Many TVA reservoirs are recognized as world-class fishing destinations and now is a good time to drop a line. The Guntersville reservoir is among the top-rated spots for bass anglers and is open for business year-round. TVA-managed dams and reservoirs support ecotourism and recreational activities that contribute about $12 billion to the region’s economy each year. For safety purposes, boaters and kayakers should keep a close eye on TVA’s lake levels and release calendars before heading out on reservoirs and tailwaters.

Whether you’re looking for an easy stroll, new finishing spot, planning your first mountain bike ride or craving a challenging climb, we’ve got you covered. The opportunities for recreation are just another part of what makes the Tennessee Valley region a fantastic place to live, work and play.

44 APRIL 2024 www.alabamaliving.coop | Our Sources Say |
Kevin Chandler is the South Region Customer Relations Director for the Tennessee Valley Authority.
The Marbut Bend Trail in Elkmont, Alabama offers scenic views of nature and wildlife.

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A swing in the woods

When I was growing up, I loved swings. Who didn’t? Kids and swings go together like Clearasil and pimples.

For me, it began on the playground, where I would swing so high that the legs on the metal frame would pull out of the ground. That gave me a kiddie rush that was almost equal to eating a dozen Pixy Stix.

Backyard tire swings were even better. For so many of us who grew up in the south, a tire swing was a big part of our childhood.

We had one. My dad found an old tire, and married it with a length of heavy rope. After looping it over a limb on a perfectly located hickory tree, he tied the ends securely. Soon my sister and I were gliding high - up and back, up and back. So simple. So perfect. With a little effort I could almost touch my feet to the eaves of our house.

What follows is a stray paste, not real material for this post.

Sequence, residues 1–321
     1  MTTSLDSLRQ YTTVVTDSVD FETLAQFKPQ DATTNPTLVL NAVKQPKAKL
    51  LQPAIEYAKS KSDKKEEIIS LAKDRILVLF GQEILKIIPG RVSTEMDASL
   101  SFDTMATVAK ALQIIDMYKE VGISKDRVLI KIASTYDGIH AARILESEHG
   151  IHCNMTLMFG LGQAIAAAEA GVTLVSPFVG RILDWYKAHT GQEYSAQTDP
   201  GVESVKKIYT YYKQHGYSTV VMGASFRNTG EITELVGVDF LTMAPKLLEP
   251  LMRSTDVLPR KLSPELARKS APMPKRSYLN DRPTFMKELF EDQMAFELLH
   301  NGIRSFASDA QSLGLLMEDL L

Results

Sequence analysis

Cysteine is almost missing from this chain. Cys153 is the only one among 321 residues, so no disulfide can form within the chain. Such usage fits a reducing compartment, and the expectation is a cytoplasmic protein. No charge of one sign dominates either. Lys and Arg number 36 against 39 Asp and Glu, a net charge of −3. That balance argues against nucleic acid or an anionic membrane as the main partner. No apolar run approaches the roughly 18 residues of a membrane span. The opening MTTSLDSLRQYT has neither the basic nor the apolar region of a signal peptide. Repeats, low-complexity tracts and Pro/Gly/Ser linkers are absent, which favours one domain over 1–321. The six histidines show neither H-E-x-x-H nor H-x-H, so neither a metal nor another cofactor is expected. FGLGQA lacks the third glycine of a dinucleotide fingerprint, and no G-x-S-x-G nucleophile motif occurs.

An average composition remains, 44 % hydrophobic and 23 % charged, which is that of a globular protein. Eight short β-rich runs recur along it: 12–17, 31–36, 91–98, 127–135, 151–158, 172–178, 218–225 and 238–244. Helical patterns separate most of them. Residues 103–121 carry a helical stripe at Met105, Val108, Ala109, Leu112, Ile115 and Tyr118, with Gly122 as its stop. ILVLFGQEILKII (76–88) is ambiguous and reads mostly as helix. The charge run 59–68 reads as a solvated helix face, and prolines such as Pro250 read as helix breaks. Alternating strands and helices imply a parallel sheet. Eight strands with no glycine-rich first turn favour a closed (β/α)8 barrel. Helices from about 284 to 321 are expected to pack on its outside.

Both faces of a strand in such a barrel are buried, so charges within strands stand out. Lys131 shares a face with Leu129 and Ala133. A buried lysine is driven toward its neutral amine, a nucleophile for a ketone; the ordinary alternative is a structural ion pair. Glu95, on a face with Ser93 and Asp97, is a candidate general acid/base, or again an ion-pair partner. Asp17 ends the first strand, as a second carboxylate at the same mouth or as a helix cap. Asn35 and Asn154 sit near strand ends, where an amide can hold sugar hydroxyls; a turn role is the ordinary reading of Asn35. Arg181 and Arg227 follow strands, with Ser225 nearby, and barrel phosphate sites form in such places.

And what a bonus it was if there was a swing in the woods. Back then, the woods were magnets for 12-yearolds. Not so much today. Nowadays, all those trees would affect their phone service. But I digress.

My friend Steve had one near his house. It was well worth the 15-minute bike ride to go visit him because we headed to The Swing.

If there was a Heisman Trophy for swings, this one would’ve earned a trip to New York City. To get there, you walked through a path flanked by pine, oak, sweet gum and blackberry briars, until you came to a clearing. Then it stood before you in all its glory. A large pine grew out of a steep incline, and someone with no fear of heights attached a cable to its highest limb. A bicycle tire rim bolted to the opposite

end of the cable served as a handle.

It was huge, scary and magnificent.

Once you gathered your courage, you ran until your feet left the ground, and the swing catapulted you in a semicircle around the tree. You felt like the stone in David’s slingshot as you flew over a sea of privet hedge at the bottom of the cliff. There weren’t enough Pixy Stix in the world to give you this kind of high.

Kids from all over knew about The Swing, but not everyone tried it. It looked dangerous - and it was. Because of the angle of the tree and the slope, you could easily attain heights of 20 feet on your ride, over 30 if you took off fast enough. And you had to deal with centrifugal force when sticking the landing. As a result, some boys wouldn’t take the risk. Being called a chicken was a small price to pay to avoid a trip to the hospital.

I couldn’t resist the lure of The Swing, so I used it regularly. But I always began my takeoff well below the highest starting point. As a result, I didn’t fly as high as I could, but 20 feet was just fine.

Not Steve. He always headed to the top. As a result, he went higher and faster than anyone else. In addition, he added twists and turns that made it look like a gymnastic routine. Steve was sailing through the air like an Olympian, while I was happy if I landed without getting strawberries on my knees and elbows.

Recently I reached out to Steve and asked him if he remembered The Swing. After all, it’s been a while since we played in the woods together. He did. In fact, a few years ago, he went back to its original location, and sadly found an apartment complex where it once stood.

I knew that already. Like Steve, I had also gone back to find The Swing. I may not have become a college gymnast like Steve did, but it was a wonderful part of our childhoods.

Along with Pixy Stix.

46 APRIL 2024 www.alabamaliving.coop | Cup o’ Joe |
Joe Hobby is a standup comedian, a syndicated columnist, and a long-time writer for Jay Leno. He’s a member of Cullman Electric Cooperative and is very happy now that he can use Sprout from his little place on Smith Lake. Contact him at jhobby2000@aol.com. Illustration by Dennis Auth